Follow Techotopia on Twitter

On-line Guides
All Guides
eBook Store
iOS / Android
Linux for Beginners
Office Productivity
Linux Installation
Linux Security
Linux Utilities
Linux Virtualization
Linux Kernel
System/Network Admin
Scripting Languages
Development Tools
Web Development
GUI Toolkits/Desktop
Mail Systems
Eclipse Documentation

How To Guides
General System Admin
Linux Security
Linux Filesystems
Web Servers
Graphics & Desktop
PC Hardware
Problem Solutions
Privacy Policy




8.4 Packages

Packages are a way of structuring Python's module namespace by using "dotted module names". For example, the module name A.B designates a submodule named ‘B’ in a package named ‘A’. Just like the use of modules saves the authors of different modules from having to worry about each other's global variable names, the use of dotted module names saves the authors of multi-module packages like NumPy or the Python Imaging Library from having to worry about each other's module names.

Suppose you want to design a collection of modules (a "package") for the uniform handling of sound files and sound data. There are many different sound file formats (usually recognized by their extension, for example: ‘.wav’, ‘.aiff’, ‘.au’), so you may need to create and maintain a growing collection of modules for the conversion between the various file formats. There are also many different operations you might want to perform on sound data (such as mixing, adding echo, applying an equalizer function, creating an artificial stereo effect), so in addition you will be writing a never-ending stream of modules to perform these operations. Here's a possible structure for your package (expressed in terms of a hierarchical filesystem):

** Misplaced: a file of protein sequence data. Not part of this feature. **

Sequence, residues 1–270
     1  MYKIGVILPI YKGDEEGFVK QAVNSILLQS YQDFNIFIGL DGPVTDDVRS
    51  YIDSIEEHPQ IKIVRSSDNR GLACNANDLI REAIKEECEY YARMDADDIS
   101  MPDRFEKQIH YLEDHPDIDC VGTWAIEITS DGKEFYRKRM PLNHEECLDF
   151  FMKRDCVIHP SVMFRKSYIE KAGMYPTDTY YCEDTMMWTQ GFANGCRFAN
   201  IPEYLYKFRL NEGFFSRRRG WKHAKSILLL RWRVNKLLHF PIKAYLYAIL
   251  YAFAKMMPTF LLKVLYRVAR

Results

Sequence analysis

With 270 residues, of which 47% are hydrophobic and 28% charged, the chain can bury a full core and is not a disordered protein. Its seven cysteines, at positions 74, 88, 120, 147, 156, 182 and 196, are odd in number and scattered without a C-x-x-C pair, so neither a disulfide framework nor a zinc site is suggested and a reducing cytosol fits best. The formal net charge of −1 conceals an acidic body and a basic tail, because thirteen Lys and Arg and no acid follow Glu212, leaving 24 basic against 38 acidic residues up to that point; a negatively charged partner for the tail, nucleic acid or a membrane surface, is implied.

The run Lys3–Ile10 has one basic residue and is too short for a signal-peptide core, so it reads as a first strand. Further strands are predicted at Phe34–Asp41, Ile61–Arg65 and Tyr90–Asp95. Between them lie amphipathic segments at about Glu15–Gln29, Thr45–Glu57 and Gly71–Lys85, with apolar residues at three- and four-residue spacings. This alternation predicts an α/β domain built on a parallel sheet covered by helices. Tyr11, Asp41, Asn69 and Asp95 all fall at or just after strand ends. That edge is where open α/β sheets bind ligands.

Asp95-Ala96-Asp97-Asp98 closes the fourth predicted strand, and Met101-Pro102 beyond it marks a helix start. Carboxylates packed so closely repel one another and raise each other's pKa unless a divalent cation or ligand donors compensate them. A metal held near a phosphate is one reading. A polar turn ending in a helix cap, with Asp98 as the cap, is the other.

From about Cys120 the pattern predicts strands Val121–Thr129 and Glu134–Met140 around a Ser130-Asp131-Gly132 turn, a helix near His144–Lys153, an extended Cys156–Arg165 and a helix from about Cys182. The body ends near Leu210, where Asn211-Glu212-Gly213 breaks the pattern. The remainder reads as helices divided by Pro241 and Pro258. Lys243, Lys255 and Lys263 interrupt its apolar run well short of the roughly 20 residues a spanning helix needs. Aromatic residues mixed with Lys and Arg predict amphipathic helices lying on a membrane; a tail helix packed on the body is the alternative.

Sound/                      Top-level package
           Initialize the sound package
          Formats/              Subpackage for file formats
          Effects/              Subpackage for sound effects
          Filters/              Subpackage for filters

The ‘’ files are required to make Python treat the directories as containing packages; this is done to prevent directories with a common name, such as ‘string’, from unintentionally hiding valid modules that occur later on the module search path. In the simplest case, ‘’ can just be an empty file, but it can also execute initialization code for the package or set the __all__ variable, described later.

Users of the package can import individual modules from the package, for example:

    import Sound.Effects.echo

This loads the submodule ‘Sound.Effects.echo’. It must be referenced with its full name.

    Sound.Effects.echo.echofilter(input, output, delay=0.7,

An alternative way of importing the submodule is:

    from Sound.Effects import echo

This also loads the submodule echo, and makes it available without its package prefix, so it can be used as follows:

    echo.echofilter(input, output, delay=0.7, atten=4)

Yet another variation is to import the desired function or variable directly:

    from Sound.Effects.echo import echofilter

Again, this loads the submodule echo, but this makes its function echofilter() directly available:

    echofilter(input, output, delay=0.7, atten=4)

Note that when using from package import item, the item can be either a submodule (or subpackage) of the package, or some other name defined in the package, like a function, class or variable. The import statement first tests whether the item is defined in the package; if not, it assumes it is a module and attempts to load it. If it fails to find it, an ImportError exception is raised.

Contrarily, when using syntax like import item.subitem.subsubitem, each item except for the last must be a package; the last item can be a module or a package but can't be a class or function or variable defined in the previous item.

  Published under the terms of the Python License Design by Interspire